Australian Wildlife Conservancy (AWC) is one of the world’s largest conservation organisations, delivering and influencing effective conservation across more than 12.9 million hectares in iconic regions such as the Kimberley, Cape York, Kati Thanda-Lake Eyre and the Top End.Learn About Us
Significant flooding in the Kimberley region has caused substantial destruction to the area and affected AWC’s Mornington-Marion Downs and Charnley River-Artesian Range Wildlife Sanctuaries.
The effects of the floods may take years to recover from, but you can support boots on the ground to repair, restore and future-proof operations in northern Western Australia.
Your donation today will support AWC to get boots back on the ground in the Kimberley.
After an overwhelming amount of support from our first print run, we’re thrilled to let you know that Australian Wildlife Conservancy: Celebrating 30 Years is now back in stock!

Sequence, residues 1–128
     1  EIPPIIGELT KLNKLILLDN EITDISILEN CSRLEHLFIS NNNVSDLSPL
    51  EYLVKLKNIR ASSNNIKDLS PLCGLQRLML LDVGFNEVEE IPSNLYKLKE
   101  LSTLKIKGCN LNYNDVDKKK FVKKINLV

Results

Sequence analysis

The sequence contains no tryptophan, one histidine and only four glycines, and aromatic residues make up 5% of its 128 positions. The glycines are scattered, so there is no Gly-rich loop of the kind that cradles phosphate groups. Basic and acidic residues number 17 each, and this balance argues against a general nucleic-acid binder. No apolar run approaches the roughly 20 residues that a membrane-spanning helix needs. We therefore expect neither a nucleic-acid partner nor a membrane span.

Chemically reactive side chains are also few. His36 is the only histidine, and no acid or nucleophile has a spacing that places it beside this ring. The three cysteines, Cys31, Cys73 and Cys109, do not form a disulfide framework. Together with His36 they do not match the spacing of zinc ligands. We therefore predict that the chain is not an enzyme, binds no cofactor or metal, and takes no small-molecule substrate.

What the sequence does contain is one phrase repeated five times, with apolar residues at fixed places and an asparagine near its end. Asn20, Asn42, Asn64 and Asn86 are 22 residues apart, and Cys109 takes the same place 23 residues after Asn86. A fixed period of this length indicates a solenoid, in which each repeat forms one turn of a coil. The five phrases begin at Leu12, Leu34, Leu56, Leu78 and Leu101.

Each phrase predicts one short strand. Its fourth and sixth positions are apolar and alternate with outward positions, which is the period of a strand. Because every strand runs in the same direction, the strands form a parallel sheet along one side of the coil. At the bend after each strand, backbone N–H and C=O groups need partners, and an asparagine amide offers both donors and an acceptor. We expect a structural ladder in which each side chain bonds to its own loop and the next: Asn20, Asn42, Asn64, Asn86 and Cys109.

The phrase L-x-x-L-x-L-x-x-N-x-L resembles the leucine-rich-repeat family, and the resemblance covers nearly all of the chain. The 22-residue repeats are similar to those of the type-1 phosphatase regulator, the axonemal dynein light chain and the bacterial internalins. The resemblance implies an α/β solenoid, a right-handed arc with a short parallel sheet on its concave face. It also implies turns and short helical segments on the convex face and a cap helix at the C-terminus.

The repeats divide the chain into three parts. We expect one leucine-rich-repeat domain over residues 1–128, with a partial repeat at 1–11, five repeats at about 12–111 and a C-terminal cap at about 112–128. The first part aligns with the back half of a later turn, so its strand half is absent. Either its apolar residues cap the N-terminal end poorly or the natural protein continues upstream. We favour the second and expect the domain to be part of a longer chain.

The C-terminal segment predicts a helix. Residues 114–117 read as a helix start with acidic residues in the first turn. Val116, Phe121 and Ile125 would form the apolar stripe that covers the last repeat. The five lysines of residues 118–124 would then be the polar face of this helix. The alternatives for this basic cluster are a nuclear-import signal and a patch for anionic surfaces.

Detailing our passion and immense effort, this book features 40 stories from over 60 authors including Professor Tim Flannery, the late Professor Thomas Lovejoy and a foreword by Sir David Attenborough.
Properties We Manage
Covering more than 12.9 million hectares, AWC owns, manages or works in partnership on more land than any other non-government conservation organisation in Australia.
Our locations are situated in key regions including the Kimberley, the Top End, Cape York, Kati Thanda-Lake Eyre and the southwestern forests. It is possible to visit 11 AWC sanctuaries.
Australia is one of the most important nations on Earth for biodiversity. Most of Australia’s wildlife is found nowhere else in the world, making its conservation even more important.
AWC protects some of the nation’s most iconic and endangered wildlife including 74% of native mammal species, 88% of native bird species, 54% of reptile species and 56% of amphibian species.
AWC’s Ecohealth monitoring program has been developed to measure and report on the status and trend of species, ecological processes and threats at all AWC sanctuaries and partnership projects. At each site a range of ecological indicators are selected, which focus on species at risk of decline, major threatening processes, and a broad range of other metrics for wildlife and vegetation.
We acknowledge the Traditional Owners of country throughout Australia on which we work, and recognise their continuing connection to land, waters and culture. We pay our respects to their Elders past, present and emerging.